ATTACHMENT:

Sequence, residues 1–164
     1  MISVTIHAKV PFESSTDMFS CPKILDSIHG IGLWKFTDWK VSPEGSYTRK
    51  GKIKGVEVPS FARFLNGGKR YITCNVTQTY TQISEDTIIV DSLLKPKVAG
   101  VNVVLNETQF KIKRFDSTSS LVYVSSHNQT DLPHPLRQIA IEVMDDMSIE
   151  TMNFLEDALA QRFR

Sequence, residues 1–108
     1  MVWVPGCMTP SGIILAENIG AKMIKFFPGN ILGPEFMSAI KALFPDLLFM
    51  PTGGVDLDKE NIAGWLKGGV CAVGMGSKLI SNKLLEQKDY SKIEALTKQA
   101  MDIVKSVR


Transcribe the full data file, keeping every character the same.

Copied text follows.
Sequence, residues 1–164
     1  MISVTIHAKV PFESSTDMFS CPKILDSIHG IGLWKFTDWK VSPEGSYTRK
    51  GKIKGVEVPS FARFLNGGKR YITCNVTQTY TQISEDTIIV DSLLKPKVAG
   101  VNVVLNETQF KIKRFDSTSS LVYVSSHNQT DLPHPLRQIA IEVMDDMSIE
   151  TMNFLEDALA QRFR

Sequence, residues 1–108
     1  MVWVPGCMTP SGIILAENIG AKMIKFFPGN ILGPEFMSAI KALFPDLLFM
    51  PTGGVDLDKE NIAGWLKGGV CAVGMGSKLI SNKLLEQKDY SKIEALTKQA
   101  MDIVKSVR